The occupy movement had no overarching principles to guide it. No pocket-sized crib sheet to remind the followers what they were there for. People have said that the occupy movement didn’t have any leaders, but had they had some coherent doctrine, leaders would have naturally arisen as the ones who could select some nice red meat and organize around it.
Left Wing Attempt I Saw
Today there was news of Obama visiting Kenya, and it seems he was railing against corruption as a way to address Africa’s chronic poverty. Someone I follow on Twitter said that African poverty has “more to do with global trade structure than misbehavior”. And in in another tweet said: “If you’d sunk 1/5 of what went towards bailing out U.S. Banks to infrastructure in Africa it would change the continent, corruption or not.”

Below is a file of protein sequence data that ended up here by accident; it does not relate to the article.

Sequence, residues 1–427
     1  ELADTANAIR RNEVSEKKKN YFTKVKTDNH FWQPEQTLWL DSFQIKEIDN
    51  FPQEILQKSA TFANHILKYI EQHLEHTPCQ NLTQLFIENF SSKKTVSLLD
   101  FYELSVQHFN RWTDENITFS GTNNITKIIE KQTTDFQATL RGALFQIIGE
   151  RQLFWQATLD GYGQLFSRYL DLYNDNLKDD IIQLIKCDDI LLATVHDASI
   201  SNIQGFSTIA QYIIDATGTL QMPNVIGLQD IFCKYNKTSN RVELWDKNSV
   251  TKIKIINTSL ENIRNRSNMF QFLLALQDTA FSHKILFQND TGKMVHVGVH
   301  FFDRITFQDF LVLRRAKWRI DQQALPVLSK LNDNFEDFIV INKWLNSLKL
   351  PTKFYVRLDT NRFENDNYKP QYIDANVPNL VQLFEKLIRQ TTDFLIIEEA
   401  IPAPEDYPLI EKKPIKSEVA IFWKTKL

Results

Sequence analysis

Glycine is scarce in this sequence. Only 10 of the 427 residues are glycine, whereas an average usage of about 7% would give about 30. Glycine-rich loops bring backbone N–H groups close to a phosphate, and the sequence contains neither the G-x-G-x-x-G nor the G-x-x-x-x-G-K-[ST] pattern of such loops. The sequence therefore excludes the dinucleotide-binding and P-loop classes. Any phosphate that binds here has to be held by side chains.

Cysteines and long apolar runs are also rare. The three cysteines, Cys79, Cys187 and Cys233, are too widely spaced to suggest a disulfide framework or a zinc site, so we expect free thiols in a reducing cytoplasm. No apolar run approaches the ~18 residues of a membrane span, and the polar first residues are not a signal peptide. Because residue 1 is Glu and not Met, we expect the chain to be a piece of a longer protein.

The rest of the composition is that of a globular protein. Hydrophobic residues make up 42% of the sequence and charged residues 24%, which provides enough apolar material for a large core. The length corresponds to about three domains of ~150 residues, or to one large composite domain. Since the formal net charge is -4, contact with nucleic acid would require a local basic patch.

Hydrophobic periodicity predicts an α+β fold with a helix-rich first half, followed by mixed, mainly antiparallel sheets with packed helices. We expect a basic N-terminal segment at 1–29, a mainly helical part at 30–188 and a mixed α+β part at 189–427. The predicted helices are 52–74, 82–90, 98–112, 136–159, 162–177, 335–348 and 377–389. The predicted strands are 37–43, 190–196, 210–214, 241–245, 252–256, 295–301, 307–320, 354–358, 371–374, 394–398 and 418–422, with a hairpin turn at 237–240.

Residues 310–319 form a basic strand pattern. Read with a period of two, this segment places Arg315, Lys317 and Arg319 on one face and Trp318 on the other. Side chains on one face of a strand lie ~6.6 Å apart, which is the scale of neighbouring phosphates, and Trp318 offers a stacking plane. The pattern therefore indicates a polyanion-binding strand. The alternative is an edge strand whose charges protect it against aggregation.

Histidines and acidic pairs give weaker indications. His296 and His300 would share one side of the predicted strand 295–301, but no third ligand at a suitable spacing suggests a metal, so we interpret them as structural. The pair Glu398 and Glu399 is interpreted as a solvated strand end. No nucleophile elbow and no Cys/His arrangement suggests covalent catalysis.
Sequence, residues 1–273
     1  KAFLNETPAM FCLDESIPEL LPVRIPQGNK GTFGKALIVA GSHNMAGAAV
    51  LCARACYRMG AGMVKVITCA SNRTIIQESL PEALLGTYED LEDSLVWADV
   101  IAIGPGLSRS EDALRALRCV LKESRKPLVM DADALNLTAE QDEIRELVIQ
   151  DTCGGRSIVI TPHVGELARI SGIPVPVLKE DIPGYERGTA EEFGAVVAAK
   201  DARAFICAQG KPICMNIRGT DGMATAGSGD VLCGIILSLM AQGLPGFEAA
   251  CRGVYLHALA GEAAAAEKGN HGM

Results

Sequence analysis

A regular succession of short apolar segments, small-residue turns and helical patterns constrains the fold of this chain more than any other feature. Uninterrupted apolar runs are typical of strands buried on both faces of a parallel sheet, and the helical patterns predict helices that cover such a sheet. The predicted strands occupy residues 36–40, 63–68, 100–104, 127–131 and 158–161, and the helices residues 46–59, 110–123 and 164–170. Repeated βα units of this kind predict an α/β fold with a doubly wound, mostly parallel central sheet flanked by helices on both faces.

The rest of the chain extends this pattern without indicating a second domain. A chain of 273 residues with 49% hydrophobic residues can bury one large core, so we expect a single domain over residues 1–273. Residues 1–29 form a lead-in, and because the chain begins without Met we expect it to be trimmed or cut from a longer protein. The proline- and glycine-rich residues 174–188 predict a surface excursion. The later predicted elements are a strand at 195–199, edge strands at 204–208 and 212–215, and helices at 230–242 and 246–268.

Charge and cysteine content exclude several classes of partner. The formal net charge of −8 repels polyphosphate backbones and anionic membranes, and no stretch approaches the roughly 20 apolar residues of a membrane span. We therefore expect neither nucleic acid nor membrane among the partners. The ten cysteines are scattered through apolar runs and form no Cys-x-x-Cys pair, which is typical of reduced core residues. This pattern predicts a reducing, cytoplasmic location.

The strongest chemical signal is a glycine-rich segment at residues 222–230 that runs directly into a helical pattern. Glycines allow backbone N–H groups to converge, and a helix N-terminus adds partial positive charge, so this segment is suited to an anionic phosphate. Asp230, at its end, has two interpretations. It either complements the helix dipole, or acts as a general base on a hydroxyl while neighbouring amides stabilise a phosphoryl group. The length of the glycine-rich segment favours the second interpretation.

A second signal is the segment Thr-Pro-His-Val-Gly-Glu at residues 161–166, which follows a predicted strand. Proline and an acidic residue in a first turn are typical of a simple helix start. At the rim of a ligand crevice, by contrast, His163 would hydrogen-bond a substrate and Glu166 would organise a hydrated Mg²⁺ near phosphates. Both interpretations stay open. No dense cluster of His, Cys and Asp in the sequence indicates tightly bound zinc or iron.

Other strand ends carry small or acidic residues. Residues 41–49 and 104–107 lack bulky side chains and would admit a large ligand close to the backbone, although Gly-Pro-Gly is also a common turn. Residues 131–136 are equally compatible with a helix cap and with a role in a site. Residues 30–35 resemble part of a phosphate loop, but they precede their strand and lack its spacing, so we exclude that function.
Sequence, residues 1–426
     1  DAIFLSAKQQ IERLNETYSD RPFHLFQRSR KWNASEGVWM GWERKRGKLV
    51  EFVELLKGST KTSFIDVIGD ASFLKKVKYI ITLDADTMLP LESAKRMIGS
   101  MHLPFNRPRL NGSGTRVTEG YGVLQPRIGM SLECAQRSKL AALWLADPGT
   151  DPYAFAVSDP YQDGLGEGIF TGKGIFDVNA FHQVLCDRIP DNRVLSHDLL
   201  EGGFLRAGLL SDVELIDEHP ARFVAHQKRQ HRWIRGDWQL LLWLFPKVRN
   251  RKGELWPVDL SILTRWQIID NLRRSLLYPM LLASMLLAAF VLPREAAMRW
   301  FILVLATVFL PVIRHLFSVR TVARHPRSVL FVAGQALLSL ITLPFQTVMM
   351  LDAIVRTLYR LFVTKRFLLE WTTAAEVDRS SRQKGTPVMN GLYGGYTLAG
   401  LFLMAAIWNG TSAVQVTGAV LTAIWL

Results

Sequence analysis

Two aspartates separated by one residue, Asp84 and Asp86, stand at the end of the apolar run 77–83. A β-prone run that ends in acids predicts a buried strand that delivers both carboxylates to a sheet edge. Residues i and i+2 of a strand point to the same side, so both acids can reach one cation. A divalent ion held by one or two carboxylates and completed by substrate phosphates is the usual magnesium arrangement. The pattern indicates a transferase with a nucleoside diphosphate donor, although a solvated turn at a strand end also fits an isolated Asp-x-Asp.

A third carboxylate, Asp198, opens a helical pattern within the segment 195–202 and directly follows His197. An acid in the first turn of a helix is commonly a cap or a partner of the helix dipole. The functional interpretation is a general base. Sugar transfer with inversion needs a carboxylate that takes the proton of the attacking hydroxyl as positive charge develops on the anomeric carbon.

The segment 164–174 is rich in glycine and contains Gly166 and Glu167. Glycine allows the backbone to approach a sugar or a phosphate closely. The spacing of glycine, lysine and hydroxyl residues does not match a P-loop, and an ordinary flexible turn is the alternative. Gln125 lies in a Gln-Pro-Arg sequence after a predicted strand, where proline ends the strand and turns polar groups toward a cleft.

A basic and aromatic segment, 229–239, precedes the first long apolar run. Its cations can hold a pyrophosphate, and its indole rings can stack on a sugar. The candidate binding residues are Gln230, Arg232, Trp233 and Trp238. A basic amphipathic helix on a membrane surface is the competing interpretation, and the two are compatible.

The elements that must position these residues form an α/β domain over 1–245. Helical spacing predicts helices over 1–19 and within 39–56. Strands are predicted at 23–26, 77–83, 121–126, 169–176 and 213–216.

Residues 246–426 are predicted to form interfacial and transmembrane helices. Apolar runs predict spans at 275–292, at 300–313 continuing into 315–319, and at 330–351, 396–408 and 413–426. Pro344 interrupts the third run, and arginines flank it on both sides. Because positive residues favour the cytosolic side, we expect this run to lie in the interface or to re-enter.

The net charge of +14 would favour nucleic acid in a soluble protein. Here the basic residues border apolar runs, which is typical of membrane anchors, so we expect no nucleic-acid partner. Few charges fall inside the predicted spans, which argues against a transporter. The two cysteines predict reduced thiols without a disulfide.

Sounds like the complaints from occupy, but then what? Where’s the meat?
I compare this to red meat because this person is not objecting to fighting corruption but, if I may put words into his mouth, he seems to be longing for something bigger and better–though international development is tricky, it is never clear whether any specific bigger and better project by outsiders helps more than it might unintentionally hurt. And this person knows more about foolish development projects in Africa than I do.
But I think a good piece of red meat is longed for by much of the left: some satisfying, simple solution, to a real problem, a solution that grows from guiding principles.
When Making Political Movements: Red Meat, Not All Bad